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  1. #1
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    MTB or Hybrid - commuting and touring

    So, figuring a starter bike for $5-600 for daily commuting to work and occasional touring - wich would you recommend, a MTB or Hybrid? My current choices are between:
    Trek 3900/4300 mtb
    Scott Sportster P3 hybrid

  2. #2
    Senior Member tjspiel's Avatar
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    I'd recommend a used touring bike.
    If you're not riding with a psychedelic gecko on your shirt, you ARE having a substandard experience.

  3. #3
    Senior Member envane's Avatar
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    If you're serious about the touring aspect, take a look at Giant's Trans Sports line:

    http://www.giant-bicycles.com/en-US/...le/1273/29362/

    I'd recommend against anything with suspension.

  4. #4
    on your left.
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    Quote Originally Posted by envane View Post
    I'd recommend against anything with suspension.
    yeah! whatever you do, no suspension.

    what you need is a used touring bike. but if you are dead set on getting either a mtb or a hybrid i say go with a more road oriented hybrid. and if you really want to tour, get trekking bars. they will add hand positions and make long distance way more bearable.
    Quote Originally Posted by caloso View Post
    I learned this the hard way. They say that experience is the best teacher, but I would have been preferred to just read about it on the internet.

  5. #5
    Super Moderator no1mad's Avatar
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    Check out the Raleigh Transporter. If you search the forums, you'll find some threads from not too long ago.

  6. #6
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    I'd go for a hybrid, it would be a bit more functional.

  7. #7
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    What about the Trek 7.0fx range. In your price range you'd be looking 7.3fx possibly. I just bought the Trek 7.2fx. The position is quite upright -- very comfortable like a mountain bike but it really is optimised for the road. You get these nice 700X35c tyres which have a thinner tread pattern and can be pumped up to 85psi. The bikes have small trail so steering is more sensitive than road bikes. This is good if you want to load the bike up a bit with a backpack or some panniers. Lack of suspension means you get the weight down. Mine weighed 12.75 on the bike shop scales, although the 7.3 will have an alloy fork so that might get it down to 12kg.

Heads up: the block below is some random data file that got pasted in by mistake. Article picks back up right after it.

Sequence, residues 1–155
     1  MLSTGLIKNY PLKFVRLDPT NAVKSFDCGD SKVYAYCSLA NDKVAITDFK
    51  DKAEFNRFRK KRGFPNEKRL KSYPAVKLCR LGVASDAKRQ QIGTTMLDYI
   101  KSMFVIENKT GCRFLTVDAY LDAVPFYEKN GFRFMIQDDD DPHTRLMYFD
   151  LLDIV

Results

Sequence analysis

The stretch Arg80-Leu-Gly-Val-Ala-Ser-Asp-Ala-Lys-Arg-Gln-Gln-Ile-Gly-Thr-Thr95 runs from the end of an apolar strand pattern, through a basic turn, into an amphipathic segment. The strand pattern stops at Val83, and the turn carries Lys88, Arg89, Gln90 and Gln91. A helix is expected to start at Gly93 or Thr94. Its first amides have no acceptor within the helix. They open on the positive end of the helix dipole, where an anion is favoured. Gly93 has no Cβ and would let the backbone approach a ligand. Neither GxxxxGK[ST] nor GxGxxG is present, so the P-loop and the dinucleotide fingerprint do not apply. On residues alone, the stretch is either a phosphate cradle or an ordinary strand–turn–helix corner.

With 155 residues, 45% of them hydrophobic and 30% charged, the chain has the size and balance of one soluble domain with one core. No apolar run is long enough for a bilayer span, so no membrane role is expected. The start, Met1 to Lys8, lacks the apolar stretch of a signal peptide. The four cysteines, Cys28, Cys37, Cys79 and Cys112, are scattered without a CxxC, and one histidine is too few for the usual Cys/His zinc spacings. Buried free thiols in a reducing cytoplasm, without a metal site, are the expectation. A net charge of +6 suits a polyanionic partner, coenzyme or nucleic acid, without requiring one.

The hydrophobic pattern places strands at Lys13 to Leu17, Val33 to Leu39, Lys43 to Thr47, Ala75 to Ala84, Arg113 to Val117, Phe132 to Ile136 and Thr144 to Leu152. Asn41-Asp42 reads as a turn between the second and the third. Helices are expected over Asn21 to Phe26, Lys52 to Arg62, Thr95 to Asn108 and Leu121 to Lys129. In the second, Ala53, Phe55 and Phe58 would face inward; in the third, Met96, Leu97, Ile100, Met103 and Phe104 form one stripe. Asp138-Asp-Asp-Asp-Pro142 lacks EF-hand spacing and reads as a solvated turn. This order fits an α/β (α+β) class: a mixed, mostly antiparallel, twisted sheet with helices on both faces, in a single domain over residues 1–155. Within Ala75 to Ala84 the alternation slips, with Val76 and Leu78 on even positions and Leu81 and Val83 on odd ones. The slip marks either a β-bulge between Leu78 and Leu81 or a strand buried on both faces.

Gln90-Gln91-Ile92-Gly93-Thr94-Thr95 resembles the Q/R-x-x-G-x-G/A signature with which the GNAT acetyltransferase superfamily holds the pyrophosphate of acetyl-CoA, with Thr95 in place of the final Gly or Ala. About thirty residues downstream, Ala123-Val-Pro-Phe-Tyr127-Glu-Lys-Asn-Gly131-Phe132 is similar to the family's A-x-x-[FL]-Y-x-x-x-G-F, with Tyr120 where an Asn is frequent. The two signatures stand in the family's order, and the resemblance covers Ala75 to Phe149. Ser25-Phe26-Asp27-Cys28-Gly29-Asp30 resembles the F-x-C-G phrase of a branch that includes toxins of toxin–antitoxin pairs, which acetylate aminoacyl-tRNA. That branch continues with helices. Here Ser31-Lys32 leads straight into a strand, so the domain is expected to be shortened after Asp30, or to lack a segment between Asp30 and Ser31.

8. #8
    SA[in]NE FredOak's Avatar
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    I got the Trek 7200 with some of the same logic as lisitsa, I have degenerative disc disease and the slightly more upright position on the hybrid is really comfortable. I'm using it for commuting and errands right now, but if I wanted to go touring I would just change a couple things (different seat and pedals) and add a couple things (panniers, lights) and would be good to go.

  9. #9
    Velocommuter Commando Sirrus Rider's Avatar
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    Quote Originally Posted by tjspiel View Post
    I'd recommend a used touring bike.
    +1 On the touring bike. It would be more useful across the condions that you will encounter. A hybrid is hampered by its lack of hand positions of its flat bar.
    Riding 19 Years of Specialized Sirrus Tradition.
    Live in Houston? Come to http://bicyclecommutehouston.blogspot.com/
    1988 Specialized Sirrus, 1989 Alpine Monitor Pass MTB, 2007 Specialized Sirrus 700C hybrid, 2007 Schwinn Town & Country trike, 1970 "Resto-Improved" Raleigh 20, 1970 "WIP" Raleigh 20, and 1980 "WIP" Schwinn Town & Country trike

  10. #10
    Senior Member kidpurple's Avatar
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    No mountain bike - I think that has been agreed on already.

    You can add bar ends to the flat bars or like nahh said change the bar to a trekking bar.



    I've never used a trekking bar but I want to put one on one of my bikes soon.

  11. #11
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    If your going to buy a new touring bike make it the Surly LHT (long Haul trucker). If your dead set on a hybrid you can set it up with Trekking bars providing many hand positions allowing long rides with no numbing and pain due to a single hand position.
    this thread shows several different bikes with trekking bars.
    trekking bar pics?
    [SIGPIC]http://www.bikeforums.net/image.php?type=sigpic&userid=57360&dateline=1197386754[/SIGPIC]
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  12. #12